In the first six months of this year, London-based Barclays bank set aside £896 million, or about $1.2 billion, to cover loans likely to turn sour, the bank disclosed on 27 July. The amount is more than double that in the first half of 2022.

Deutsche Bank has lifted its loan-loss reserves by 72 percent to €401 million, equivalent to about $446 million, in this year’s second quarter, Germany’s biggest lender reported on 26 July, citing “an uncertain macroeconomic environment.”

Spain’s Santander Bank has raised its reserves 21 percent during this year’s first six months, compared to the same period last year.

Although inflation in the Eurozone slowed to 5.3 percent in July, it remains more than twice the European Central Bank’s (ECB’s) 2-percent target. The ECB and Bank of England have continued to raise rates, even though the zone and the U.K. slipped into a technical recession in this year’s first quarter.

“The near-term economic outlook for the euro area has deteriorated, owing largely to weaker domestic demand,” ECB president Christine Lagarde told a 27 July press briefing. “Higher inflation and tighter financing conditions are dampening spending.”

The Bank of England raised its key rate to 5 percent in June, which pushed the common two-year, fixed-rate mortgage’s rate to 6.83 percent as of 27 July, compared to 3.94 percent a year earlier, according to data service Moneyfacts.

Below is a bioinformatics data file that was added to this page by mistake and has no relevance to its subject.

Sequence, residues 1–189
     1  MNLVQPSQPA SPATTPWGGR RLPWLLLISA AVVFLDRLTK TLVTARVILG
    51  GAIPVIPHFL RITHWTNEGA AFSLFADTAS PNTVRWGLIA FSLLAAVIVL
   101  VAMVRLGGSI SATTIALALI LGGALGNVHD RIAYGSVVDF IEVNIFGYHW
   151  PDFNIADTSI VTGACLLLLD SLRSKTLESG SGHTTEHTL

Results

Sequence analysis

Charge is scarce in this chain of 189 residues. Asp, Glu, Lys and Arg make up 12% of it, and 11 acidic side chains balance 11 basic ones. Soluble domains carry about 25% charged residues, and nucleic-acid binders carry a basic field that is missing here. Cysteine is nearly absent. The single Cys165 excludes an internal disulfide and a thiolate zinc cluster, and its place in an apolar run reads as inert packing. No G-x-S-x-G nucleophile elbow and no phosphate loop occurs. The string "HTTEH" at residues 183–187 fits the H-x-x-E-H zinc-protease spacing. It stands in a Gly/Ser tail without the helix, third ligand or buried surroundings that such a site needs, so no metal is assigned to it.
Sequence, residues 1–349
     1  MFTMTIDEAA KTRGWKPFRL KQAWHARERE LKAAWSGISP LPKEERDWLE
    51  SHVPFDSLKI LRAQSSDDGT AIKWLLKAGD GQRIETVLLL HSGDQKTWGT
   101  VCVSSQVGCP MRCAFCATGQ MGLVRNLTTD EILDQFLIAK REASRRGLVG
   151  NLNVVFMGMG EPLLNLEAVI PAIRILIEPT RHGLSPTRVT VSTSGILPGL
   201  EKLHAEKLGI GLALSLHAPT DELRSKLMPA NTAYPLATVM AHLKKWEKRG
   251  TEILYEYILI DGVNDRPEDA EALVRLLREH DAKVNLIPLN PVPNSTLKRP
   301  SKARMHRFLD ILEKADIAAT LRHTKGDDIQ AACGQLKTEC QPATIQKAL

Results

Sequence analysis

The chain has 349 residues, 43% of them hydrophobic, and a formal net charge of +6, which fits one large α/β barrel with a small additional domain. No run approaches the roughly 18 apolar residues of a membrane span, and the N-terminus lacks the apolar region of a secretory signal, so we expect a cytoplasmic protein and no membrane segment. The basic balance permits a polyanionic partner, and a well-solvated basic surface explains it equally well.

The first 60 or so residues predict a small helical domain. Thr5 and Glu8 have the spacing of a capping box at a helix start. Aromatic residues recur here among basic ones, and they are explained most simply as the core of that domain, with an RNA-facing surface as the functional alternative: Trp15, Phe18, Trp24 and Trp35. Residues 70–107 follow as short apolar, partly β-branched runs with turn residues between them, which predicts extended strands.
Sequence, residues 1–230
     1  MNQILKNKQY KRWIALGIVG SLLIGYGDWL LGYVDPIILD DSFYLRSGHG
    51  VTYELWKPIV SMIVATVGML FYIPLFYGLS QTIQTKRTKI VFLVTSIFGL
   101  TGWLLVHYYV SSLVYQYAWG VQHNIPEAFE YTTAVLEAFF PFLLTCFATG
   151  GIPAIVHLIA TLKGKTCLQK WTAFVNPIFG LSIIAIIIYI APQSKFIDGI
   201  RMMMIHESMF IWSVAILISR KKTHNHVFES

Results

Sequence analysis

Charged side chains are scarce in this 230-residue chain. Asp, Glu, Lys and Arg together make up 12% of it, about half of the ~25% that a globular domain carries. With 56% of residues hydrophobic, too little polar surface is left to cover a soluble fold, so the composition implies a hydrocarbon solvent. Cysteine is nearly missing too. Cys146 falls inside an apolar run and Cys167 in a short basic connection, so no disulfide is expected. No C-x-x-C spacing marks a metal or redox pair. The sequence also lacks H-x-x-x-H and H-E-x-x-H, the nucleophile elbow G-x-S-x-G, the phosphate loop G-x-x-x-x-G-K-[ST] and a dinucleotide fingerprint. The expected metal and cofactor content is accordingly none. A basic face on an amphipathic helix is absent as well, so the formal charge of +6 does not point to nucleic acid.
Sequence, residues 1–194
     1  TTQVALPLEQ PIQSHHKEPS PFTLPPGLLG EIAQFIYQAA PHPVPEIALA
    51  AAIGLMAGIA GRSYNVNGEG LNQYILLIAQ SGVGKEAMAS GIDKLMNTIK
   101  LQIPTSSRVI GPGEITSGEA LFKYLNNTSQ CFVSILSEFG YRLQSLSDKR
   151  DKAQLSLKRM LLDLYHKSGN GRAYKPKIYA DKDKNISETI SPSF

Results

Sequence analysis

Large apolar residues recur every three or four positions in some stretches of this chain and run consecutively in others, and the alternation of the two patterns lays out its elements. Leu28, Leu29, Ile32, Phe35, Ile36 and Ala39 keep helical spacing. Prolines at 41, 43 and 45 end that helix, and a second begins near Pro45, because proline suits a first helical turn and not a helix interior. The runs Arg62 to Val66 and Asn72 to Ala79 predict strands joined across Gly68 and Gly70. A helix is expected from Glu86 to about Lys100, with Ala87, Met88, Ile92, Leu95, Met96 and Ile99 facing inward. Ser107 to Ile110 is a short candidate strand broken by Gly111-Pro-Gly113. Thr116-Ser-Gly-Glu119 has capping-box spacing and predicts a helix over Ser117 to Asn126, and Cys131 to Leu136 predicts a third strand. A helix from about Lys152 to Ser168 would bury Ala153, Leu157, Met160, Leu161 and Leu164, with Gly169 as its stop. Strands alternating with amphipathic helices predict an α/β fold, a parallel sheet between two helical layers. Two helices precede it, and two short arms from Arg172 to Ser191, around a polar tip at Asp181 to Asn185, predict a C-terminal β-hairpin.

As we have reported, paying more for their loans and interest rates keep rising, more than two million Brits will be forced to refinance their mortgage this year and next; they will be looking at payments hundreds of pounds higher than they are now.

TREND FORECAST: It’s not consumer loans that will hit the lenders. As with the United States and much of the world, the greatest danger to banks’ loan portfolios lies in the flailing commercial real estate sector that has been escalated by the Office Building Bust which we had forecast would occur more than three years ago… but were ignored by the mainstream media. The higher rates rise and the less money they have coming in the harder the banks and lenders will be hit. The worst is yet to come.

Skip to content